Six commitments: Putting the ‘Deliberate’ into the Deliberately Adaptive Organisation (part 1 of 2)

Somewhat in the style of what is easily my most popular post of all time – Introducing Kanban through its values (2013) – here is the Deliberately Adaptive Organisation (“business agility at every scale”) [1, 2] introduced through a set of six commitments. If this post turns out to be half as successful (and career-changing) as that one, I’d be a happy man indeed 🙂

The six commitments come in two groups. The first group is covered in this post:

  1. Co-creation ­– To keep finding better options, together
  2. Sensemaking – To make the best sense we can of every new challenge
  3. Trust Building – To build trust in every direction

The second group will be covered in a later post:

  1. Curiosity: To ask better questions
  2. Generativity: To create more ideas than we consume
  3. Consent: To celebrate the agency and ingenuity of others

What separates the two groups is that the first three commitments correspond respectively to the three top-level components of the Deliberately Adaptive Organisation. These are the overlapping and deeply-connected “supersystems” of Adaptive Strategy, Production (Delivery, Discovery, and Renewal), and Mutual Trust Building. Commitments in the second group apply everywhere. Together, the six quickly convey some of the model’s true character.

The Deliberately Adaptive Organisation’s three “supersystems”

The model works at every scale – teams, teams of teams, bigger structures, smaller structures, structures outside of any hierarchy, whole organisations. Mapping it to some part of the actual organisation, its power lies not only in what each supersystem represents, but also in the relationships between supersystems and between scales.

So to the first three commitments, co-creation, sensemaking, and trust building

Commitment 1. Co-creation ­– To keep finding better options, together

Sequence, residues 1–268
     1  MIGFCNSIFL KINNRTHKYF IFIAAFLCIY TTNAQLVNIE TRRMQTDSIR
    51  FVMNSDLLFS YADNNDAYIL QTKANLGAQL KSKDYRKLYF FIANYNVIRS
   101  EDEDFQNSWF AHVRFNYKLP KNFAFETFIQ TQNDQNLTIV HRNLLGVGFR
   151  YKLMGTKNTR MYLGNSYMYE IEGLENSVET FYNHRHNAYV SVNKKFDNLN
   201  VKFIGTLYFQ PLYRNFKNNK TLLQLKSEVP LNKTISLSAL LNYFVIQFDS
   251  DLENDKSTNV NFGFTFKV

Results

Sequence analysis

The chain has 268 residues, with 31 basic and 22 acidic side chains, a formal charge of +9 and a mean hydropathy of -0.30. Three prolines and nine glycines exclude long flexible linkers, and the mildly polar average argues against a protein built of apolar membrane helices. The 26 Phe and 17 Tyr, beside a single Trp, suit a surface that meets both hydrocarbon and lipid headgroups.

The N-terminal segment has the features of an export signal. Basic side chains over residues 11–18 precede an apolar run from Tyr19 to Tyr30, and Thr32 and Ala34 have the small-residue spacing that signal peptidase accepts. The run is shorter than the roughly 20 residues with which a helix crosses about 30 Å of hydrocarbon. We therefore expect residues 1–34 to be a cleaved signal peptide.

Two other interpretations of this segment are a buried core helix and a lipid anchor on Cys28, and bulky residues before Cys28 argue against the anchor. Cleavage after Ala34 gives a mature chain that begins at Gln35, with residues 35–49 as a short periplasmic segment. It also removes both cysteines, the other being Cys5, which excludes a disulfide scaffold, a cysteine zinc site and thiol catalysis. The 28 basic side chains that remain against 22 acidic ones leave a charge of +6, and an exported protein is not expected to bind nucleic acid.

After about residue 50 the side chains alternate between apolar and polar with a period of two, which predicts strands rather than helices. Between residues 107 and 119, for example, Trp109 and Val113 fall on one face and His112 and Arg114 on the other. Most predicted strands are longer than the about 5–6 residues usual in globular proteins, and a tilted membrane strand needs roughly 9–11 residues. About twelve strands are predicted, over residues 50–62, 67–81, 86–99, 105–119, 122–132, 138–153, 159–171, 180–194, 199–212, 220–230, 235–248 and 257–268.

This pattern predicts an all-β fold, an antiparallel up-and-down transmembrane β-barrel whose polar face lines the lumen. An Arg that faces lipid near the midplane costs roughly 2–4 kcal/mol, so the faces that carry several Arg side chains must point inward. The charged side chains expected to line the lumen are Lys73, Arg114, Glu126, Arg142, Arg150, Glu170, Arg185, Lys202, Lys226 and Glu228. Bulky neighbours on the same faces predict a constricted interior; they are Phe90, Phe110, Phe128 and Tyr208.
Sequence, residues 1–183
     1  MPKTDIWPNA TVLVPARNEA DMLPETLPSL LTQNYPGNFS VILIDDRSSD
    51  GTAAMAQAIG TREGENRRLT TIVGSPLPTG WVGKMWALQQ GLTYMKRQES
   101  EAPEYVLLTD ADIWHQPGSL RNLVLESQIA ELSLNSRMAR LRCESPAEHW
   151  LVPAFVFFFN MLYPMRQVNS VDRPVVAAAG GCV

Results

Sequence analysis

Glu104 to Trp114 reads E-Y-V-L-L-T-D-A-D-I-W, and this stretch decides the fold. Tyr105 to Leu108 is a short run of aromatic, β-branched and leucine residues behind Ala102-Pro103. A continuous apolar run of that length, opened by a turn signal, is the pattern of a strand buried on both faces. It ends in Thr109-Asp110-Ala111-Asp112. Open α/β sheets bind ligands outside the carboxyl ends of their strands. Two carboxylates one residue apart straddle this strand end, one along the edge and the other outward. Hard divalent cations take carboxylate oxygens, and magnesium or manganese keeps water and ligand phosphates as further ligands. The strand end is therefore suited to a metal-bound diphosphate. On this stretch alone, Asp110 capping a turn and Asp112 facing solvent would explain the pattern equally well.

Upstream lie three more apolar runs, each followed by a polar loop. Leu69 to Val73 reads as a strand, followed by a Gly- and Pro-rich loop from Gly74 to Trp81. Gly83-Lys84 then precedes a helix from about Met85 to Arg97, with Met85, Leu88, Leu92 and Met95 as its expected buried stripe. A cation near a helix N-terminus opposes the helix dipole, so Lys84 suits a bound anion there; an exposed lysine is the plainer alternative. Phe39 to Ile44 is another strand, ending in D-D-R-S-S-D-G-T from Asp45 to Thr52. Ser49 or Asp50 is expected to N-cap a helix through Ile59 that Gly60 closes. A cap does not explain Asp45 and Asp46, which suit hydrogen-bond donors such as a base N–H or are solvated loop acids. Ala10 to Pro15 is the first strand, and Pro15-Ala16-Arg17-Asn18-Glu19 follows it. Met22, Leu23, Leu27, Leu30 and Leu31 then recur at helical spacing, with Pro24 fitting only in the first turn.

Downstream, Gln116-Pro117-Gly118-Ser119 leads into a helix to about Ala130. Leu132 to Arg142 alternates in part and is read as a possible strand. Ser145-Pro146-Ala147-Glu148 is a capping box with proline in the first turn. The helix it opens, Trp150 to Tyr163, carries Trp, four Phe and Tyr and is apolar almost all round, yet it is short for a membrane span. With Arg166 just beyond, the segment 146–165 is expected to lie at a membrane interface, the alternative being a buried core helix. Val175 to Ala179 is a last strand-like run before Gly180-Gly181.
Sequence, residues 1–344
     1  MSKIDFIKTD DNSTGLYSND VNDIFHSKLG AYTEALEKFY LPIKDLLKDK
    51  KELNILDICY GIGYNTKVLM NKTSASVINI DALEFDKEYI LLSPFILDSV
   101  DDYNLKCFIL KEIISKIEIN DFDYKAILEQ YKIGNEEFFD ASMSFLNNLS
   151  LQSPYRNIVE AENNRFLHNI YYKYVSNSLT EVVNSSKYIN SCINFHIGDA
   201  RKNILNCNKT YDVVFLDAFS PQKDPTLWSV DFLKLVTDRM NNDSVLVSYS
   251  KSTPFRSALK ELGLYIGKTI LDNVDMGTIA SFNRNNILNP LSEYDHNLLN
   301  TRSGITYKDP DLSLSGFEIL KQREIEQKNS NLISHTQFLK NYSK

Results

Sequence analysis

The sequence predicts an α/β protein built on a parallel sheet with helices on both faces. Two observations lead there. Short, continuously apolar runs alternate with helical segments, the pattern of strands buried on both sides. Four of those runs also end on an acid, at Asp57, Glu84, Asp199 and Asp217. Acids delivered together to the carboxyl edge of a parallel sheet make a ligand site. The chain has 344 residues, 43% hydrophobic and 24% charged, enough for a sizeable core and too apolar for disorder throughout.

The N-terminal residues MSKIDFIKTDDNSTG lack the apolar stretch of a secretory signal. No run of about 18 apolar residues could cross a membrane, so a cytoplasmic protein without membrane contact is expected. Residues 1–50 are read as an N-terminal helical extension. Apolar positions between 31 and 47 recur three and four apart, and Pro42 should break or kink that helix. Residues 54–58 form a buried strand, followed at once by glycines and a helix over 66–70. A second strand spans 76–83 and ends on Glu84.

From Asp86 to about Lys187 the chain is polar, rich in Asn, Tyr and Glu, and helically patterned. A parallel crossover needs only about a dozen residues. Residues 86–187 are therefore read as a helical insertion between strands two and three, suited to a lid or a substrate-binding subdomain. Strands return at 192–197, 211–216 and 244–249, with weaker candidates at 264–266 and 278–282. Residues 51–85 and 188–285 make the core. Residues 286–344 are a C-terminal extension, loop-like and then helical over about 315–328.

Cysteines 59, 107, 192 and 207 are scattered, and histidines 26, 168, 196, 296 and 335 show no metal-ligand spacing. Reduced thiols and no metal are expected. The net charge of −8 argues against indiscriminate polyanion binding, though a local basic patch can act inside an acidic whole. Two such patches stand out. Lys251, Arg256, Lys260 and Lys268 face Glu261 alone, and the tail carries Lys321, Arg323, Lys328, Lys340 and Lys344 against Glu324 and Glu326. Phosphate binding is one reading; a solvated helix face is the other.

This might easily have been called the participation commitment. Its inspiration comes directly from Agendashift [3]; indirectly it draws in the Generative Change Model [4] and Dialogic Organisation Development [5] more generally.

Co-creation starts with making sure you have the right people in the room when you’re doing any of the following:

  • Generating and organising options (outcomes primarily, solutions later)
  • Evaluating and re-evaluating options in the light of progress, intelligence, and insights
  • Updating the group’s shared understanding more broadly
  • Expressing intent
  • Making commitments
  • Revisiting its shared sense of identity and purpose or engaging with any challenges to those

Relative to the organisational scope in question, “the right people in the room” means people highly if not maximally representative of the following:

  • Those with direct, first-hand knowledge
  • Those with strategic context
  • Those best positioned to hold the detail and the whole together
  • Those impacted by whatever decisions might be made

The commitment to co-creation is key to the authenticity of this participation; co-created options aren’t prescribed or otherwise prejudged.

Commitment 2. Sensemaking – To make the best sense we can of every new challenge

At whatever scale we’re considering, the Deliberately Adaptive Organisation must be engaged in some kind of productive work. This includes the work of renewing the organisation; in terms of both mechanics and importance, there is enough in common between delivery and change for them to be treated the same – as “real work”. (Keeping the two in balance is an important responsibility of Adaptive Strategy.)

When we’re doing that work, let’s not underestimate the opportunity to expect the unexpected, to notice what we didn’t notice before, and to interpret what we notice in different ways. In an organisation that’s continuously transforming, those opportunities should be plentiful: often we’re doing new things or experimenting with doing old things in new ways. To miss those opportunities would be a tragic waste!

Adaptive Strategy on its own isn’t enough for the organisation to be learning. The progress, intelligence, and insights it requires all come from doing the work – engaging with the real world, not just the group’s model of it. The sensemaking [6, 7] commitment is a reminder to frame and conduct that work for maximum learning, doing that appropriately according to context and the task in hand. As any student of Cynefin [8] will tell you, there are category errors and other risks be avoided here.